I now use the bookmark function in Slack. As soon as I see a task request, or something I have to follow up on, I use the bookmark icon to save the message to my “Saved items” list, and I check that list when I’m done with my current task. This way, new requests don’t get lost in the constant stream of incoming messages, and I can “unsave” the task once I’m done working on it. The nice part about this is that I can also click on the saved message and it takes me straight from the “Saved items” list to the message in its original context:

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Asana is another example of a popular solution that again, kind of fails to deliver on some key features. I often run into visibility issues on the platform, where I can’t see the whole project context around a task because it is “locked” by someone else’s progress on the overall project.

Many people I’ve talked to also agree that there are too many ways to have a conversation in Asana. I’m not even exactly clear on these, but here is what I got from it:

  • The simplest way to message someone is to reply inside the task that was assigned to you and have a conversation there, but only people who have access to your task will see what you said.
  • People can also start a conversation under the same task in the general project overview, but the problem with this is that if you’re busy talking about the task in your own task thread, you might miss what others are saying in the project overview, about the same task. I once worked on a task for days without hearing much feedback, before realizing that there was a whole thread going on in the main project thread, about the same task. This is ridiculous.
  • You can also message everyone who’s part of a project in the “What’s the status” section on the Overview page of a project. This is something I have recently discovered and it seems to work fine.
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Taming Asana: Table view for projects + tasks

The default dashboard view in Asana is actually not the most efficient at all. To keep track of everything I have to do and also make sure I get a full overview of what people are saying on parent projects (the main projects that hold the sub-tasks), I use the “My Tasks” view mode, and I sort the table by due date:

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This way, I can both see the threads in:

  • My tasks only: by clicking on a task in the first column on the left
  • The overarching projects: by clicking on the parent project in the last column on the right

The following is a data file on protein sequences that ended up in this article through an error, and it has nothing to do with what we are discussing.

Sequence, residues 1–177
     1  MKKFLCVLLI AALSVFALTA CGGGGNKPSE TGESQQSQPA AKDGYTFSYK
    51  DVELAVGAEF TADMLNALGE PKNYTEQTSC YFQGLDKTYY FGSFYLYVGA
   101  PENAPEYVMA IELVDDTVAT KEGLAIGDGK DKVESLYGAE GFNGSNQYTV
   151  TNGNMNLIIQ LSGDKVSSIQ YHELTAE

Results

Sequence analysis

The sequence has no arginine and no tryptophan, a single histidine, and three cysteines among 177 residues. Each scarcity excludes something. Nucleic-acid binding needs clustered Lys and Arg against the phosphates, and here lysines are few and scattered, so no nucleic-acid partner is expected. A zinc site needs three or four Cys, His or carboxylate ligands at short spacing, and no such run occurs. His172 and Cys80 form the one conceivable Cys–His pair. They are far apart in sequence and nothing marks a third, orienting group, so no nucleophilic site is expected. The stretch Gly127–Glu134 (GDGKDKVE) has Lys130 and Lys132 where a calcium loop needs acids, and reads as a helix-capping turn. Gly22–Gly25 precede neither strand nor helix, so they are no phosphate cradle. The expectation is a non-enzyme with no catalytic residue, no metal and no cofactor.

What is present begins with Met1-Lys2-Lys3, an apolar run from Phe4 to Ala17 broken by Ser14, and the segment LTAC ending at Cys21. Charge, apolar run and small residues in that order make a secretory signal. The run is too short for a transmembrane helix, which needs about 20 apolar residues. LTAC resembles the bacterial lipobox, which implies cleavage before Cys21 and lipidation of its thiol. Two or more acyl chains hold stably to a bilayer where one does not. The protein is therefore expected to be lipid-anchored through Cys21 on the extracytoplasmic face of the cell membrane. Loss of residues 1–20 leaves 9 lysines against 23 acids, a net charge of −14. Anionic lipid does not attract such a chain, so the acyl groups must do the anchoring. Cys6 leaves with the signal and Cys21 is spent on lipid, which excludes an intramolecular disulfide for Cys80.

There are 9 tabs available for any given project homepage, and I only use 2 of those:

As a graphic designer, I often need to download assets from other team members or upload my own work, and the Files section is really nice for that. It removes the hassle of looking for the specific task where someone uploaded deliverables, everything gets automatically linked to in this section.

I use the Overview tab to send messages to everyone on the team (in the “What’s the status” section) and to find the key assets of a project. Usually, these will consist of a brief, a root folder on the cloud, and references for inspiration.

Once I got a hold of the 2 tools separately, I started wondering if there was any way to make my work more efficient by connecting the 2 platforms (Slack and Asana) together. Slack has a lot of options to connect to third-party tools, so I tried the Asana integration for a few days.

But then, I realized that all this does is post every single update on every single task and project I’m a part of, no matter how involved I am in it, or how close the deadline is. I didn’t find it useful, and the layout of the updates isn’t very clear either.

Plus, this adds up to my Slack notification count and makes me feel like I have even more to catch up on. I realized I might as well check and reply to everything in Asana, rather than add more complexity.

The great paradox of modern productivity

We’ve never been more busy and unproductive at the same time. It’s like technology has enabled us to save so much time and energy, but it’s been stealing our attention simultaneously. The result is this complete mess of unused productivity apps that we try for 2 weeks and give up on, unreplied emails that we forget about, and missed deadlines that stress us out for weeks on. We don’t need more integrations, more communication, more apps. We need to turn all the complexity these tools bring into simple, beautiful, and productive solutions.

In a world where connectivity, digital interactions, and notifications rule our everyday life, it has become almost natural to look for ways to integrate tools together. Your Apple watch has to be connected to your phone, which has to sync with your email, which is set up to ping all devices on every incoming message, and with Zapier you could even create a to-do task for every unresponded email. That’s great but unecessary.

With that in mind, segmentation became another fundamental principle of my system. Everything is already overwhelming, I don’t need more connected “stuff”. I figured the best way for me to stay on top of my workload in Asana and on top of my communication in Slack is to clearly separate them.

At the end of the day, no tool will ever be perfect, and I get that. Developing solutions that can keep up with the complexity of our modern world all the while being simple to use and nicely segmented is extremely challenging. Slack and Asana are at the forefront of digital productivity, but they still have a long way to go to become “natural” to use.

If you think about it, almost none of the technology we use daily was around 15 or even 10 years ago, and the rate at which we’re experiencing change is always increasing;

Example of the increase in change rate — Source

The next 10 years are about to get even crazier, and unless you’re willing to live under a rock and not learn anything new, you won’t have any other option but to adapt and adopt a lot of these new tools.

I do hope my article inspired you to make your digital productivity system more efficient, however, I also urge you to remember this: don’t follow all the productivity advice you read, watch and hear online. If your system is working, by all means, don’t change it.

You may be one of the few lucky ones who actually have their productivity sh*t together.